Dreams of Flight: A Spotlight on Hungary’s Magnus Aircraft

Hungary, traditionally not known for its aviation prowess, makes a significant mark in the global aerospace sector with Magnus Aircraft Fusion – an ultralight aircraft, showcasing the nation's innovative potential and dedication to advancing aviation technology.

Magnus Aircraft
Photo: courtesy of Magnus Aircraft

Throughout history, the privilege of constructing an aircraft has been limited to a select group of countries. This distinction is not just about the actual construction of the aircraft but also a symbol of a nation’s capacity for innovation, its commitment to cutting-edge research, and its willingness to push the boundaries of what is technologically possible.

In the early days of aviation, aircraft were simple skeletal structures made of lattice frames, first covered in cloth and later sheathed in aluminum. These rudimentary designs have since evolved, replaced by modern, sophisticated, and lightweight materials, showcasing advancements in aviation technology and the progress of innovation.

A few years ago, Hungary has taken a giant leap in this arena. Magnus Aircraft Zrt., a Hungarian enterprise, has emerged as a globally recognized producer of technologically advanced aircraft. Specializing in the development, production, and sale of ultralight and LSA category 2-seater composite planes, its creations are renowned for their stability combined with dynamism. Remarkably, these aircraft can handle stresses of +6 / -3 G, facilitating even aerobatic maneuvers.

Magnus Aircraft Fusion

Hungary’s entry into the aviation sector reached a pivotal point with the introduction and approval of the Magnus Aircraft Fusion 213. It’s the first aircraft to be entirely conceptualized and produced within Hungary and attain a type certification from the European Aviation Safety Agency (EASA). This plane symbolizes Hungary’s evolving aviation dynamics and aligns with the rigorous standards set for ultralight aircraft in Europe.

Ultralight aircraft, commonly referred to as UL, are characterized by their lightweight build and straightforward operation. They belong to a unique classification, with a take-off weight cap of 472.5 kg across most of Europe. Such a weight constraint means manufacturers often have to be minimalist in the aircraft’s equipment. Legally, ULs aren’t eligible for PPL (Private Pilot License) training, which serves as the basis for advanced pilot training phases.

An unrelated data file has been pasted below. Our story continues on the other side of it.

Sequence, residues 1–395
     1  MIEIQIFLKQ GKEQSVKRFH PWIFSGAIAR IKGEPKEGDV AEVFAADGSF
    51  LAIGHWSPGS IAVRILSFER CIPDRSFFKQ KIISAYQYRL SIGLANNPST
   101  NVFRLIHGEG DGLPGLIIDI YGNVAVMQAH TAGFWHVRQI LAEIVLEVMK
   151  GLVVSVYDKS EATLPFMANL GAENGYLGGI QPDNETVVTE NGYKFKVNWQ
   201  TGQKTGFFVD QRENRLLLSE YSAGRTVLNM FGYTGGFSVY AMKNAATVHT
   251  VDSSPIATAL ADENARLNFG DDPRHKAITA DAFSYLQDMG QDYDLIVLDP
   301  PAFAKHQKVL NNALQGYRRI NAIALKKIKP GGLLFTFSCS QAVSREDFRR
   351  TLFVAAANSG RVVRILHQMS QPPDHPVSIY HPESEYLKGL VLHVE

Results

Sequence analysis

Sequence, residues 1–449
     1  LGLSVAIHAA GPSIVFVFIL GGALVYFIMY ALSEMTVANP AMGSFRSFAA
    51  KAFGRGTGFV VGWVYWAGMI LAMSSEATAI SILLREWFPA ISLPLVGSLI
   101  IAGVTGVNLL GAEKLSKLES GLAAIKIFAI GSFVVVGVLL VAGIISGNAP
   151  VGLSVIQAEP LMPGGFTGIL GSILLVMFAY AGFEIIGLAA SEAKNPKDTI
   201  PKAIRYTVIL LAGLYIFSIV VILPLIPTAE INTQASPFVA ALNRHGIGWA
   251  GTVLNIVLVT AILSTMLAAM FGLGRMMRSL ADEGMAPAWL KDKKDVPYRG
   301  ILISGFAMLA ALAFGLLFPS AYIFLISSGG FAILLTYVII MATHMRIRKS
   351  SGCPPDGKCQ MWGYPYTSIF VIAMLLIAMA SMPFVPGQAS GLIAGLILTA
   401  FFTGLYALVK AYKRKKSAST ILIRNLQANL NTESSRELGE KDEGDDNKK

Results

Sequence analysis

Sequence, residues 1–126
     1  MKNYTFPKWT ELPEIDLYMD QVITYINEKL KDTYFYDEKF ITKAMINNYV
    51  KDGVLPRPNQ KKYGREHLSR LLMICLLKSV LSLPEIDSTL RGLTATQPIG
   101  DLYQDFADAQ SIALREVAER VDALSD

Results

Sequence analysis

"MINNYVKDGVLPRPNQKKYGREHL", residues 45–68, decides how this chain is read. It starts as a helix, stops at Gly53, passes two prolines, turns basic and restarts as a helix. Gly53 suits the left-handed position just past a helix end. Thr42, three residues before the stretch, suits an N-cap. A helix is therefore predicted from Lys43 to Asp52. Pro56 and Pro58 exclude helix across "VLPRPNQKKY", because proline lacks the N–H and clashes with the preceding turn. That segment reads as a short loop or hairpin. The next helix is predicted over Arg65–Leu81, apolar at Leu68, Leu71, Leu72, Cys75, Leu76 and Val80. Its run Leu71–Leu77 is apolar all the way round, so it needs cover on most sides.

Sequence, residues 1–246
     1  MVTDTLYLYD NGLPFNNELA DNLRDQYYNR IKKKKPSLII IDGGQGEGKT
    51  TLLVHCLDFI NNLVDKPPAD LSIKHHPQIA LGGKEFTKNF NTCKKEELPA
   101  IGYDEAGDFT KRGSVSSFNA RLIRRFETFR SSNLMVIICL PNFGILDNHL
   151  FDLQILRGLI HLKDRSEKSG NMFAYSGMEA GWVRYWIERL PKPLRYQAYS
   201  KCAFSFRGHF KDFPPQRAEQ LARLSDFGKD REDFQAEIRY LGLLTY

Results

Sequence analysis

From Fusion 212 to Fusion 213

Driven by an ambitious goal to create the sexiest airplane one could ever encounter (Magnus Aircraft’s own words), the Hungarian company initiated enhancements to their first Fusion 212 ultralight model in 2017. Their aim was to transition it to the LSA (light-sport aircraft) bracket, which necessitates compliance with more rigorous EASA-type certification standards and allows a greater maximum take-off weight of 600 kg.

The Fusion 213 saw major adjustments to its structural design, particularly in its composite arrangement. These changes ensure the plane can withstand the added stress due to its elevated maximum take-off weight and the related +6 G load for aerobatic maneuvers. Also, Fusion 213 has been fitted with extra fuel tanks in each wing, expanding its reach to an impressive 1000+ km.

The previously used metal grid structure connecting the wing to the main body has been replaced with a sturdy composite assembly. Finally, Fusion’s cockpit has been made more user-friendly. Its avionics, earlier a Dynon EFIS, have been upgraded to a well-known Garmin, offering better navigation and control.

China enters the skies

The future of Magnus Aircraft’s Fusion plane is poised for significant expansion, thanks to a major EUR 175 million investment by the Chinese subsidiary of the Hungarian-owned company. This investment is directed toward constructing an 18,000-square-meter aircraft manufacturing complex in Wuxi, near Shanghai.

For Hungary, the growth and achievements of Magnus Aircraft Zrt. signify more than just the creation of aircraft. It’s an emblem of the country’s potential, its embrace of modernity, and its commitment to innovation.

Jakub Warzecha

Creative copywriter, archaeologist. Interested in history, technology and military matters. Specializes in marketing communications and application architecture design.

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